Modifying risk factors can help prevent coronary artery disease. Some of these factors are interrelated, so that modifying one also modifies another.
Quitting smoking is most important. People who quit smoking decrease their risk of developing coronary artery disease by half compared with those who continue to smoke. How long people smoked before quitting does not matter. Quitting also decreases the risk of death after coronary artery bypass surgery or after a heart attack. Avoiding secondhand smoke is also important.
Limiting the amount of fat to no more than 25 to 35% of daily calories is recommended to promote good health. However, some experts believe that fat must be limited to 10% of daily calories to reduce the risk of coronary artery disease. A low-fat diet also helps lower high total and LDL (the bad) cholesterol levels, another risk factor for coronary artery disease. The type of fat consumed is as important as the amount of fat. Thus, eating oily fish, such as salmon, which are high in omega-3 fats (good fats), regularly and strictly avoiding the more harmful trans fats are recommended. Trans fats are being removed from ingredients in many fast food sites and restaurants.
Eating at least five servings of fruits and vegetables daily can decrease the risk of coronary artery disease. Such foods contain many phytochemicals. Whether the phytochemicals are responsible for the risk reduction is unclear because people who consume such diets also tend to eat less fat, more fiber, and more foods containing vitamins C and E. One group of phytochemicals called flavonoids (found in red and purple grapes, red wine, and black teas) appears to be particularly protective.
A high-fiber diet is also recommended. There are two kinds of fiber. Soluble fiber (which dissolves in liquid) is found in oat bran, oatmeal, beans, peas, rice bran, barley, citrus fruits, strawberries, and apple pulp. It helps lower high cholesterol levels. It may decrease or stabilize high blood sugar (glucose) levels and increase low insulin levels. Thus, soluble fiber may help people with diabetes reduce their risk of coronary artery disease. Insoluble fiber (which does not dissolve in liquid) is found in most grains and grain products and in fruits and vegetables such as apple skin, cabbage, beets, carrots, brussels sprouts, turnips, and cauliflower. It helps with digestive function. However, eating too much fiber can interfere with the absorption of certain vitamins and minerals.
The diet should contain the recommended daily requirements of vitamins and minerals. Vitamin supplements are not considered an acceptable substitute for a healthy diet. The role of supplements in reducing the risk of coronary artery disease is somewhat controversial. Taking supplements of vitamin E or vitamin C does not seem to prevent coronary artery disease. Taking folate or vitamins B6 and B12 may lower homocysteine levels, but studies have not shown that taking these supplements decreases the risk of coronary artery disease.
Limiting the amount of simple sugar carbohydrates (such as refined white flour, white rice, processed foods) and increasing the amount of whole grains may help reduce the risk of coronary artery disease because it reduces the risk of obesity and possibly of diabetes, which are also risk factors for coronary artery disease.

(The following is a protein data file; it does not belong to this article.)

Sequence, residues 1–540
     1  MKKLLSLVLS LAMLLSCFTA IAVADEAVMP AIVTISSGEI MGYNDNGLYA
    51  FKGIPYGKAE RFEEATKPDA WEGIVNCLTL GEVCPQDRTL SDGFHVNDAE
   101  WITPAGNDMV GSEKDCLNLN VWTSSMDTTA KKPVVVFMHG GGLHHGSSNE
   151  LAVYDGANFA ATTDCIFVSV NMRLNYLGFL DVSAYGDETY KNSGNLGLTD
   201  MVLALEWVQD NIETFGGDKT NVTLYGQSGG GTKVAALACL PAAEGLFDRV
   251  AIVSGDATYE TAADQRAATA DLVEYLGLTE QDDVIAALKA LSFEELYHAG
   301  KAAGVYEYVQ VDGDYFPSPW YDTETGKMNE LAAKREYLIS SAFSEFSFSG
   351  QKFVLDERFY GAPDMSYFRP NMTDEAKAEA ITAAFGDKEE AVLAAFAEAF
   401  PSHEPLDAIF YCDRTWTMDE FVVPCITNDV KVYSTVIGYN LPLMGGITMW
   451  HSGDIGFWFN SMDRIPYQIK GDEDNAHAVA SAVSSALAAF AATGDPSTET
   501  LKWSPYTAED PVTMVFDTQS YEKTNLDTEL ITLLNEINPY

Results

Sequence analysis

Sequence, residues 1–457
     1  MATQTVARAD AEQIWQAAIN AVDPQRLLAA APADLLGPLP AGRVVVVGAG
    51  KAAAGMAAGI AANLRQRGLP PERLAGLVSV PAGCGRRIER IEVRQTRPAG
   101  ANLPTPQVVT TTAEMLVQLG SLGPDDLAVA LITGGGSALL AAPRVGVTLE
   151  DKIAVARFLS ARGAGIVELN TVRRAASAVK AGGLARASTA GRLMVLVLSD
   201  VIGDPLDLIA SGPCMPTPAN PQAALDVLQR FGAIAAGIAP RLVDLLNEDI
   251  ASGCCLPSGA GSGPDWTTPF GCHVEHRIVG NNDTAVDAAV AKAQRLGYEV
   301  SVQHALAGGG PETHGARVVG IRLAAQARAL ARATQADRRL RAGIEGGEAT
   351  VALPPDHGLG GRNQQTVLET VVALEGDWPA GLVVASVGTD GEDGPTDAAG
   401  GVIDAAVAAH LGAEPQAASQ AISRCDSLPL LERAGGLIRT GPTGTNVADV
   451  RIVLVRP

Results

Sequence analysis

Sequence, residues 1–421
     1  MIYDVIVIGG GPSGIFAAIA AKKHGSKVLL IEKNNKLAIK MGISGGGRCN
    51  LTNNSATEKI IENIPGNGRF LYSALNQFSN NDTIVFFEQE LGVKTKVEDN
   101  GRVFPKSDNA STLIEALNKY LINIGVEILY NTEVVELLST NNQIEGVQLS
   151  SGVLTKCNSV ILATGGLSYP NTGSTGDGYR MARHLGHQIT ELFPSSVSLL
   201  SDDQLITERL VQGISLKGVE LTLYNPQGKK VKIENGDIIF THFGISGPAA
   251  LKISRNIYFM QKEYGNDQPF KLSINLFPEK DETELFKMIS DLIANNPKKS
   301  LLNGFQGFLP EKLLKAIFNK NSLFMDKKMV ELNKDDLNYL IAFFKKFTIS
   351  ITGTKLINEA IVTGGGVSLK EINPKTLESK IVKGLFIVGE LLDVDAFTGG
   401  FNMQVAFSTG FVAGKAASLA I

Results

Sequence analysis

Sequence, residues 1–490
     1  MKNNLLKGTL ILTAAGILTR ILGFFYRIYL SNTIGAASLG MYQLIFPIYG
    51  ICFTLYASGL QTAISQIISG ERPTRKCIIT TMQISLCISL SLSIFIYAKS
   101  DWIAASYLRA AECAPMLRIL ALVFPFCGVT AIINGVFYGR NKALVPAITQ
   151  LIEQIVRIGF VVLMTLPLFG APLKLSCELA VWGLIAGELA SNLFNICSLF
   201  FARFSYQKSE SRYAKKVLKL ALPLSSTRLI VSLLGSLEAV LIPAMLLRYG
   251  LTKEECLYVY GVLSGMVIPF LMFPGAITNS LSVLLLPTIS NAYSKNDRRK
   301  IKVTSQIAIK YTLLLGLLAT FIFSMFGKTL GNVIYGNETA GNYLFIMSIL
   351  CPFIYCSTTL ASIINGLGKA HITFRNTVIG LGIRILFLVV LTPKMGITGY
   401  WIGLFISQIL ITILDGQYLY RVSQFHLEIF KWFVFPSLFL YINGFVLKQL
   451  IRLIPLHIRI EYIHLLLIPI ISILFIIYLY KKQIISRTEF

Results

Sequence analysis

Overall, people should maintain a healthy weight and eat a variety of foods. The Mediterranean diet, which consists of large portions of fruits, vegetables, nuts, and olive oil, appears to reduce the risk of coronary artery disease.
People who are physically active are less likely to develop coronary artery disease and high blood pressure. Exercise that promotes endurance (aerobic exercise such as brisk walking, bicycling, and jogging) or muscle strength (resistance training with free weights or weight machines) helps prevent coronary artery disease (see Exercise and Fitness: Type of Exercise). Walking just 30 minutes each day can be beneficial. People who are out of shape or who have not exercised in a long time should consult their doctor before they start an exercise program.
Modifying the diet and engaging in physical activity can help control obesity. Decreasing alcohol consumption can also help because alcohol is high in calories. A loss of even 10 to 20 pounds (4½ to 9 kilograms) can reduce the risk of coronary artery disease.
High Cholesterol Levels:
High total and LDL (the bad) cholesterol levels can be lowered by exercising and by quitting smoking as well as by reducing the amount of fat in the diet. Drugs that lower levels of total and LDL cholesterol in the blood (lipid-lowering drugs) may be used (see Cholesterol Disorders: Dyslipidemia). The benefits of lowering cholesterol levels are greatest in people with other risk factors, such as smoking, high blood pressure, obesity, and physical inactivity.
Increasing the level of HDL (the good) cholesterol also helps reduce the risk of coronary artery disease. The same lifestyle changes that lower total and LDL cholesterol levels can help increase HDL cholesterol levels, as can certain drugs. For people who are overweight, losing weight can also help.
High Blood Pressure:
Lowering high blood pressure reduces the risk of coronary artery disease. Treatment of high blood pressure begins with lifestyle changes: eating a healthy diet that is low in salt and, if needed, losing weight and increasing physical activity. Drug therapy (see Antihypertensive Drugs) may also be necessary.
Good control of diabetes reduces the risk of some complications of diabetes, but the effects of such control on the development of coronary artery disease are less clear. Good control of diabetes may also reduce the risk of complications of coronary artery disease.